QNAP TS-451 Initial Startup With Migrated Hard Drives
When I did the initial unboxing post of the QNAP TS-451 NAS I wrapped it up by mentioning that I needed to make sure I had compatible hard drives.
When I had wrapped up the TS-269L evaluation and returned the NAS to QNAP I had pulled the drives and stored them away. I decided to pull them out of storage and install them in the TS-451. My first surprise was that I could find only 1 of the 2 drives. After looking in every possible location in my home, I have come to the realization that I may have sent it to QNAP when I returned the TS-269L. The data on the drive was nothing critical and I was just using the drives to test and evaluate the NAS anyways. With only 1 drive available I installed the WD Red drive into the 1st drive carrier of the TS-451 and installed the 4 mounting screws.
After inserting the drive carrier into slot 1 and powering on the NAS, I tried to log in using the default admin account and password. To my surprise it wouldn’t accept the password. After trying a few more times I decided to try logging in with the admin account and password I had been using on the TS-269L. To my surprise it worked. I was taken directly to the QNAP desktop in my web browser.
So what happened and why was it using my existing password? What I quickly realized is the NAS recognized that the drive I had installed had come from another QNAP NAS and the system was migrating from the old system to the new one. QNAP covers Migrating from Old NAS in their user manual. A user can migrate their QNAP NAS to another Turbo NAS model with all the data and configuration retained by installed the hard drives of the original NAS in the new NAS according to the original hard drive order and then restarting the NAS. Please note that this only works if the new NAS has equal to or a greater number of drive slots over the original. Since the TS-269L was a 2-bay NAS and I had been running the drives in RAID 1 configuration the drive I had just installed could be considered the first drive from the old NAS.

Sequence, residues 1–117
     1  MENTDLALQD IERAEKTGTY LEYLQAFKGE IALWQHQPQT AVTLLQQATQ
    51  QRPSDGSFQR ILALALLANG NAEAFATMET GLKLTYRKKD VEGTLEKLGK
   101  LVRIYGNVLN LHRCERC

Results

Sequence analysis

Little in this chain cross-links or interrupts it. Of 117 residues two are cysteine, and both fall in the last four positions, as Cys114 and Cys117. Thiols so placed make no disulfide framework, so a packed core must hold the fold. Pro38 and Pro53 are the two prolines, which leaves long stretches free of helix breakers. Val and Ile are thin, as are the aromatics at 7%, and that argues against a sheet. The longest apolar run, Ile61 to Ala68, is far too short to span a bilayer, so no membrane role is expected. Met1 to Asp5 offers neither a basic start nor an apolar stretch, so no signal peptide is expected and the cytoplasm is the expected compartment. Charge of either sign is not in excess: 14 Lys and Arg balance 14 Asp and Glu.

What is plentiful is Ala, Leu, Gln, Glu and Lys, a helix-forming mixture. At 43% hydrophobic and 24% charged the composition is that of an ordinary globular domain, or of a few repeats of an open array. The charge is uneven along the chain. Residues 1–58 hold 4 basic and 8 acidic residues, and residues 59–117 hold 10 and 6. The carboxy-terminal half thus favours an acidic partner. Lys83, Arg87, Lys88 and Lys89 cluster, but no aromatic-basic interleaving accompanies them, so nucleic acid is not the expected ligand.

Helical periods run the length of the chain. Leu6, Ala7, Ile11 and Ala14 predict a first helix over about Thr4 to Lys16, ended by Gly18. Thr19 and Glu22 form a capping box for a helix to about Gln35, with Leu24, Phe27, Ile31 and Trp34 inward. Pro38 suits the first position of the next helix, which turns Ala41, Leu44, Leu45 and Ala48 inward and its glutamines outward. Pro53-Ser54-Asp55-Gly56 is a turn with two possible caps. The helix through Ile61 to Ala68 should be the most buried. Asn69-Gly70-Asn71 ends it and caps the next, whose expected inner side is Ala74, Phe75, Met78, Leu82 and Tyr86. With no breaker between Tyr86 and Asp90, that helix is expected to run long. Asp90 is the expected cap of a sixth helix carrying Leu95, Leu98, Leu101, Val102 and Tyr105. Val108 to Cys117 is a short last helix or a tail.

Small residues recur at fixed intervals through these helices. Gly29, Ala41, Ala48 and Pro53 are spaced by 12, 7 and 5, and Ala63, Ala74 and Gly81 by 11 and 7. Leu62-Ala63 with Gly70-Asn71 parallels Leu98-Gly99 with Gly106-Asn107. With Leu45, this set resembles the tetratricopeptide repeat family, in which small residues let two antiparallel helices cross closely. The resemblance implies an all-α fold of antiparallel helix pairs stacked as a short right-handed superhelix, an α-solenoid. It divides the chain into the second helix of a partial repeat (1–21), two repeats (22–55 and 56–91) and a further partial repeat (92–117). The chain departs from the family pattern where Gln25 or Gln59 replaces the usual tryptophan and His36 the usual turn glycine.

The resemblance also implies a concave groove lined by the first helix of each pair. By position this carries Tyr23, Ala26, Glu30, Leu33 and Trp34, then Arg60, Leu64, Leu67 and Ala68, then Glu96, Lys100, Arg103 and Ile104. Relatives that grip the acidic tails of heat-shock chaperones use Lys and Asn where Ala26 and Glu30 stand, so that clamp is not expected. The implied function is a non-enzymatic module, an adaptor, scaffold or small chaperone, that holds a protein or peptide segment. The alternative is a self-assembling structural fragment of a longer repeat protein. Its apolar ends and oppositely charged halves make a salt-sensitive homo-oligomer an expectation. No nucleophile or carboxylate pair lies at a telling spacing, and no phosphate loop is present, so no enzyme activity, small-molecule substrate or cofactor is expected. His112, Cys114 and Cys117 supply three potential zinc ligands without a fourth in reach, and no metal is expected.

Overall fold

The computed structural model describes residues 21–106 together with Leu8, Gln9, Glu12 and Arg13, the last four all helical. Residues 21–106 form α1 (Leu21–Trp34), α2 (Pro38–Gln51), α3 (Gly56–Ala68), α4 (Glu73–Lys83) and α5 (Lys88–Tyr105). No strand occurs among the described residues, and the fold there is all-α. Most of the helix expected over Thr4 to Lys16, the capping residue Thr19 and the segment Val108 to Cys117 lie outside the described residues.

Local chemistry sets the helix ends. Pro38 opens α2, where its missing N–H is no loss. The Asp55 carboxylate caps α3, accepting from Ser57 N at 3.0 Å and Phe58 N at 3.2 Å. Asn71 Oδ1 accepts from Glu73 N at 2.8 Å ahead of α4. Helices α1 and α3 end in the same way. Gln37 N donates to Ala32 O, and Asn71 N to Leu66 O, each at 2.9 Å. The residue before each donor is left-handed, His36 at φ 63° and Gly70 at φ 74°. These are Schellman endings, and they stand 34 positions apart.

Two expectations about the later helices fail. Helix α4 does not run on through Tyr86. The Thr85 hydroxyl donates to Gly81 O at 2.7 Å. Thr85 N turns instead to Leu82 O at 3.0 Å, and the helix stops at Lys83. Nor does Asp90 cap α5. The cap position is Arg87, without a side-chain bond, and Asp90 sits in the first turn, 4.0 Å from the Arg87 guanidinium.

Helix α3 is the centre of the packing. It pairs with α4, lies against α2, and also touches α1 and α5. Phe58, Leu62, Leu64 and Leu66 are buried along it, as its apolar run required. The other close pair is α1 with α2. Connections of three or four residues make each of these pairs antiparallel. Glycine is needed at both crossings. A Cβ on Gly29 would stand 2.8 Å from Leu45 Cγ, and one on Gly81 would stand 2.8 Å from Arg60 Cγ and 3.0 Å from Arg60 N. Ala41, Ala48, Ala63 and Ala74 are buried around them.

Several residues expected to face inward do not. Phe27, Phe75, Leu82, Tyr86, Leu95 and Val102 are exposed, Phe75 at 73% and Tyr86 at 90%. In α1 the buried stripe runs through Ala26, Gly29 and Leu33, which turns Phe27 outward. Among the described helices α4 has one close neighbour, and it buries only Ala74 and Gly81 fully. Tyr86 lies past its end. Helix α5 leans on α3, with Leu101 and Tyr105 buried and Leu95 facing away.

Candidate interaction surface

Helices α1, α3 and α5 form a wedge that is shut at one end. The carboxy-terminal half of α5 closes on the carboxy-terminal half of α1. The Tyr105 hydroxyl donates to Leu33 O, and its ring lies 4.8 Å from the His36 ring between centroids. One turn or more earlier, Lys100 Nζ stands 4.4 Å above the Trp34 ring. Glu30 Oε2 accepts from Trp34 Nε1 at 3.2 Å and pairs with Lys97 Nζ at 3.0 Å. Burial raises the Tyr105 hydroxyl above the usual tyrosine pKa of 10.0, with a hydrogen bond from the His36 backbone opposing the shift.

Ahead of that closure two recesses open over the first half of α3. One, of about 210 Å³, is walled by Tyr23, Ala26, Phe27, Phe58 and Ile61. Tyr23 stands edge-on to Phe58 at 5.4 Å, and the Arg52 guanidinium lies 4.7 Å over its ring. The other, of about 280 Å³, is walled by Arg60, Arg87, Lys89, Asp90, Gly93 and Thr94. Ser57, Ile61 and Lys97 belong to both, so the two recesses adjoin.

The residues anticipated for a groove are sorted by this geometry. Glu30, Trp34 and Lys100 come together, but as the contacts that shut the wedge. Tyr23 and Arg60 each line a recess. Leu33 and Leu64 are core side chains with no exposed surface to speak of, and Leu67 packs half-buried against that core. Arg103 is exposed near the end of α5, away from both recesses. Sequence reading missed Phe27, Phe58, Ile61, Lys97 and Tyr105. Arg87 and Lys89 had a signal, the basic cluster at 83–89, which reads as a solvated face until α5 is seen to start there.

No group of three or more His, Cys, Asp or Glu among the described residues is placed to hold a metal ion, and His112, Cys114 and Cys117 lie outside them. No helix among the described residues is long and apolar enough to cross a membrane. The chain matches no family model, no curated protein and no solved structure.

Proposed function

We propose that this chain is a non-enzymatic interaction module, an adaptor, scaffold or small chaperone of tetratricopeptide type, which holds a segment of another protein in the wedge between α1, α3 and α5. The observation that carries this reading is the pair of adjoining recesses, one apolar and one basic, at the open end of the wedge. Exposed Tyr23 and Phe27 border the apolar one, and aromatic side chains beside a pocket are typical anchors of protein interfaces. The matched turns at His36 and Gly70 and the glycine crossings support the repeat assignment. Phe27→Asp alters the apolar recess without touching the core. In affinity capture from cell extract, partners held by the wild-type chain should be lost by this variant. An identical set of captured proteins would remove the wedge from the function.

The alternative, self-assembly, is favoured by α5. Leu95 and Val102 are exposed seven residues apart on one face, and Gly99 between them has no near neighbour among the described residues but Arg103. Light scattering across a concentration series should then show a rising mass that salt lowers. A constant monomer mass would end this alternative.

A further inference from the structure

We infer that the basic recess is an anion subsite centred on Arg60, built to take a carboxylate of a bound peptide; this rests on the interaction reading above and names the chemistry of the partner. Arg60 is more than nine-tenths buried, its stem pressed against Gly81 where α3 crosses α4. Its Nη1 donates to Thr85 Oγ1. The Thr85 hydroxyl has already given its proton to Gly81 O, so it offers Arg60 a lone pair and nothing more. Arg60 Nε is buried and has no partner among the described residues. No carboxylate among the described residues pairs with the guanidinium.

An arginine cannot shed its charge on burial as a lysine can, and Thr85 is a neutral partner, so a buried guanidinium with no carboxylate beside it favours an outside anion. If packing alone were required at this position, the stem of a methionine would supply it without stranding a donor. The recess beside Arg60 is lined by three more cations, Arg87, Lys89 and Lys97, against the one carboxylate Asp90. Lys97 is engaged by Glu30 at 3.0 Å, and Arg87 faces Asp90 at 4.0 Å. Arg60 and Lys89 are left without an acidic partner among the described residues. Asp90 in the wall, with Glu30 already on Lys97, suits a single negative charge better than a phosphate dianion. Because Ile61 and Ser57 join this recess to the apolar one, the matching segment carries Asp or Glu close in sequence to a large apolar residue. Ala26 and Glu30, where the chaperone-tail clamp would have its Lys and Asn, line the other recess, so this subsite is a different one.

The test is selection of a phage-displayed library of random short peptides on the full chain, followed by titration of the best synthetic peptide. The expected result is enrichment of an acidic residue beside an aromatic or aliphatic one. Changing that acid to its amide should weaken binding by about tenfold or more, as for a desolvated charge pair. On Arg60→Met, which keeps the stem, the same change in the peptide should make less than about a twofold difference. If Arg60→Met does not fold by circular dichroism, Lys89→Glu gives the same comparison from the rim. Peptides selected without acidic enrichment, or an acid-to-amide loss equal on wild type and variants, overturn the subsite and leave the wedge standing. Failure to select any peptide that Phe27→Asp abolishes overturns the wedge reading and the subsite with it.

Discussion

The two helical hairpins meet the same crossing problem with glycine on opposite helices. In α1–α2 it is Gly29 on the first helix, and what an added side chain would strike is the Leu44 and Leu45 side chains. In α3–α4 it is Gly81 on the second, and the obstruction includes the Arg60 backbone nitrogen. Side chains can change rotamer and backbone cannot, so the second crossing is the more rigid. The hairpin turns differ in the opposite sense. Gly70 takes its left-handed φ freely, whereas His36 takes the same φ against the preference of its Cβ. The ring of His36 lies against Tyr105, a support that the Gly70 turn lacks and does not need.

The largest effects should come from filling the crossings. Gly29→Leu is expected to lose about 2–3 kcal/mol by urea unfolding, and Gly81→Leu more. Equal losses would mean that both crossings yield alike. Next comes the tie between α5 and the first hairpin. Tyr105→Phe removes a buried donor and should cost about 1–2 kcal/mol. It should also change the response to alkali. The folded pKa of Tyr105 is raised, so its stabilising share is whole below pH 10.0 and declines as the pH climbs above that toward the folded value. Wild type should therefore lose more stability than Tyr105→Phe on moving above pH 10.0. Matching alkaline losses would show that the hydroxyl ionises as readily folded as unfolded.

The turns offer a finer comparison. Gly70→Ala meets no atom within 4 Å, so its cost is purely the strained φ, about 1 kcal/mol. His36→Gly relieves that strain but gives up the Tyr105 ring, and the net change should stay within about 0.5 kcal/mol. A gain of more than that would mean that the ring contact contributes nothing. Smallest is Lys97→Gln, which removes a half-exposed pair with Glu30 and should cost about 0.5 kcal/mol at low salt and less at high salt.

I checked the disk volume and sure enough the directory structures and files I had been using for my previous evaluation were all still there.
Of course with only 1 drive installed the Raid volume was degraded.
A quick purchase later I had 2 new WD Red 3TB drives at my house. I mounted both of them on drive carriers and placed them into the NAS in the Disk 2 and Disk 3 slots. With a new drive installed as Disk 2 the Raid 1 volume started rebuilding.
The rebuilding process does take time (7 hours and 25 minutes according to my system log) but I just let it go and went and did other work.
OPTIONS FOR Disk 3
Disk 3 was also now available in the NAS but since I hadn’t done anything with it yet it was still unavailable for use. I could create a new volume using just Disk 3 which would create a single 2.7TB volume. I can also designate the drive as an enclosure spare. An enclosure spare drive can be used to replace a failed hard disk drive in a RAID 1, RAID 5, RAID 6 or RAID 10. Since I only have 3 drives of the same size available right now I have gone with a 3rd option. I can take my original RAID 1 volume and migrate it to RAID 5 using all 3 disks.
Once the system is done I now have a volume with 5.44 TB available to use.
I should also mention that I didn’t need to migrate my old drives to the new NAS. I could have initiated a Restore to Factory Default. This would have wiped the drives clean including eliminating any user accounts, shared folders and system settings.
I don’t plan on going into depth on showing how user accounts and the other setup options are configured on the NAS. QTS is the operating system run on every QNAP NAS. This common interface allows a user or administrator to switch one from piece of hardware to the next and see the same interface. If you would like to see more about my experience with QTS and some of the configurations I did please check out the posts I did on the TS-269L.
My next post will start looking at the QNAP apps and capabilities of the TS-451 with multimedia including transcoding, streaming and even using the TS-451 as a HTPC.